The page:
Habits of Mind Unit 2
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Test questions & PDF
This section introduces framing, agenda setting and news values. It invites students to think critically about whether and why a story merits attention, and then how to frame the story so that it’s fair and accurate, useful and interesting.
1. News values (Exercise WH2-2 in Interactive Workbook is a corresponding assignment.)
Ask students to look at a story such as the ones below and then identify which of the news values they see, and where they see them in the story.
a. nola.com’s story about two cases involving teachers going to the Louisiana Supreme Court
b. oregonlive.com’s story about a blood drive hosted by Portland firefighters
c. ajc.com’s story about a high school student killed in a single-vehicle accident
d. KTLA-TV’s story on the shooting instructor killed by a young girl
2. Framing, conflict narrative and agenda setting (WH2-3 in Interactive Workbook uses this example to focus on agenda setting. Also, this piece can also be used in discussions about anonymous sources.)
Watch this ESPN story about football player Michael Sam. Read this Poynter Institute post about the story.
a. Ask students to identify where the Poynter piece talks about lessons they’ve just been introduced to:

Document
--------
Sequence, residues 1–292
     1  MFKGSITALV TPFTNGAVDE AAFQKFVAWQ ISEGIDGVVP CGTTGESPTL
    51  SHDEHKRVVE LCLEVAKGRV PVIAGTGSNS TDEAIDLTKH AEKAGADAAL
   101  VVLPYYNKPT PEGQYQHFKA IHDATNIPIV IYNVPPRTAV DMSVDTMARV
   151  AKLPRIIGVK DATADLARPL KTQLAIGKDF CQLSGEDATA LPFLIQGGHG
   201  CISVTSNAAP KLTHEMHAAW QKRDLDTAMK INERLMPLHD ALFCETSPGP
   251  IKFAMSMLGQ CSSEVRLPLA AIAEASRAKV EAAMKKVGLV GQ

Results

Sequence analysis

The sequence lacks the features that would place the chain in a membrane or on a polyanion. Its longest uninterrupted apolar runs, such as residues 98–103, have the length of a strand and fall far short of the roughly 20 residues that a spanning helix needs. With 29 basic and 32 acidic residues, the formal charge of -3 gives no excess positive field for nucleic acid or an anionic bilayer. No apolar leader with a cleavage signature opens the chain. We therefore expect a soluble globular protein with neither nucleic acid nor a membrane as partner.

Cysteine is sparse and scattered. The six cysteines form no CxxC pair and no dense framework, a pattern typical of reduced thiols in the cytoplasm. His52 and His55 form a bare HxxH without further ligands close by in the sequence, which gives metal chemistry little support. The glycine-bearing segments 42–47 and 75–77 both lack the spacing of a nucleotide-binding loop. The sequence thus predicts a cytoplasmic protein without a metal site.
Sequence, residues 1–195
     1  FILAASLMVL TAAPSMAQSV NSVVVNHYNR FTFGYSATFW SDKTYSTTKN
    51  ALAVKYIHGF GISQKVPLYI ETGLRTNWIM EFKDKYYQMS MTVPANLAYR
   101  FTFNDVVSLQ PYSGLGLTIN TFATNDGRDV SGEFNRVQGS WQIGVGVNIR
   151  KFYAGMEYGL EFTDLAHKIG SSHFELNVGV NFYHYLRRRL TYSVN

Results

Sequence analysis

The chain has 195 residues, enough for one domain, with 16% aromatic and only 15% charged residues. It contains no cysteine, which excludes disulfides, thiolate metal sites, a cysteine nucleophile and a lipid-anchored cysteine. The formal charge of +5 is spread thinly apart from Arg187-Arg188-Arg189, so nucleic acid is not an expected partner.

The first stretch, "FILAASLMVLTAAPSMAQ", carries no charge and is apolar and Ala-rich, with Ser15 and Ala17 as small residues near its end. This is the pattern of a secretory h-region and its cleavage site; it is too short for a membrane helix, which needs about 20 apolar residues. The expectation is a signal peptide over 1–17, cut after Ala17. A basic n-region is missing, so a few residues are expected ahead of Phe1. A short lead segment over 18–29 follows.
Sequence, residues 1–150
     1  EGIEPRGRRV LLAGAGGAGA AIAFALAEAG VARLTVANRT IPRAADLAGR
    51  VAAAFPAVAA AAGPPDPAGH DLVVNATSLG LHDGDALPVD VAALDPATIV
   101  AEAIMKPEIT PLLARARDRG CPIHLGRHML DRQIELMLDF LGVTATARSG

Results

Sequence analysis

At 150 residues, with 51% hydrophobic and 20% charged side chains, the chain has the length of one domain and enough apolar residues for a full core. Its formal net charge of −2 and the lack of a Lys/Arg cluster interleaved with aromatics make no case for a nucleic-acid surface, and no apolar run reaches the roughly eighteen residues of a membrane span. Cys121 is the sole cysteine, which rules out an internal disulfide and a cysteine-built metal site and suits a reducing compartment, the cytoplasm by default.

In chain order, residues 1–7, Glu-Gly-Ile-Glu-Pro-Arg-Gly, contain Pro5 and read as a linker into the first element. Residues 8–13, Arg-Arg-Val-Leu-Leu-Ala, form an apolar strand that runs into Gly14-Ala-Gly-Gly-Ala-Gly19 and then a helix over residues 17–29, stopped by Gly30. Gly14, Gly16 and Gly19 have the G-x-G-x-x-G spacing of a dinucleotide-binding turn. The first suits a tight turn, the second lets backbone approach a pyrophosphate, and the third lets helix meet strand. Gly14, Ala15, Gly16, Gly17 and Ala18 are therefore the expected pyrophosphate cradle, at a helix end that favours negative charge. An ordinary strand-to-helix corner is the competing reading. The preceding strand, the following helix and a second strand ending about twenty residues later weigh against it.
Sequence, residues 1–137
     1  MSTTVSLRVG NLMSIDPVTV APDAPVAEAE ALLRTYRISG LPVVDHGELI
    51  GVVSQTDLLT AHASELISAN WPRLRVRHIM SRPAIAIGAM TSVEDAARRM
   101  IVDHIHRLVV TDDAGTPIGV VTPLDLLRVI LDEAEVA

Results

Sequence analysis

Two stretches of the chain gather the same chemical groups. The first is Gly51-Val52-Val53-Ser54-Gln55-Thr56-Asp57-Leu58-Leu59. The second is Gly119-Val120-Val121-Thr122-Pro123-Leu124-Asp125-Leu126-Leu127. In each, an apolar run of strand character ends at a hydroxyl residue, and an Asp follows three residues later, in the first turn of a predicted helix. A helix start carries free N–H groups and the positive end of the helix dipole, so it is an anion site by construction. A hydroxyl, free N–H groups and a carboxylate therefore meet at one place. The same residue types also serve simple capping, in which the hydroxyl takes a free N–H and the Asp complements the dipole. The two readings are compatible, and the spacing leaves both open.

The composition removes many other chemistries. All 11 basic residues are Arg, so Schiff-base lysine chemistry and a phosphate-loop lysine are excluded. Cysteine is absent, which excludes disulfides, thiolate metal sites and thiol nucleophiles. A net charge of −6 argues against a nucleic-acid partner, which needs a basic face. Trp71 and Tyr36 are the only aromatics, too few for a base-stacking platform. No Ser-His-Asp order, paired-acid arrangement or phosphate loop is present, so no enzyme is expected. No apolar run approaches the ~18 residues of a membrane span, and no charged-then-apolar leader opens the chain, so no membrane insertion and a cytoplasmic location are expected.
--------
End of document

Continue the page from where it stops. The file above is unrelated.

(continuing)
conflict as a news value
b. Ask students to apply the ethical principles introduced in Chapter 2 to the ESPN story, keeping in mind the Poynter piece.
Here’s a Twitter conversation about the story. Here is a post about ESPN’s apology statement. Sports Illustrated posted its take on the ESPN story.
3. Framing and news values
Pull up the homepage of a local news organization’s website. After students identify frames, ask them to make connections, if any, among the frames and the news values.
a. Ask students to list all of the visual framing cues they can identify, such as:
headlines, subheads and pull-quotes
photos and cutlines
fonts and colors
physical limitations of the screen
story length and prominence
placement of page elements
ad placement and content
b. Select one of the stories on the page, and ask students to read it for the following frames:
information included in the lead
information included in the second paragraph
information lowest in the story
human sources included in the story
c. Ask students to review the various frames they’ve identified above. Then ask them to articulate whether these frames have served to legitimize or delegitimize a person, place or issue. What are the implications? (We’ve also done this exercise over the course of the term to look at how the local newspaper frames our college and its students.)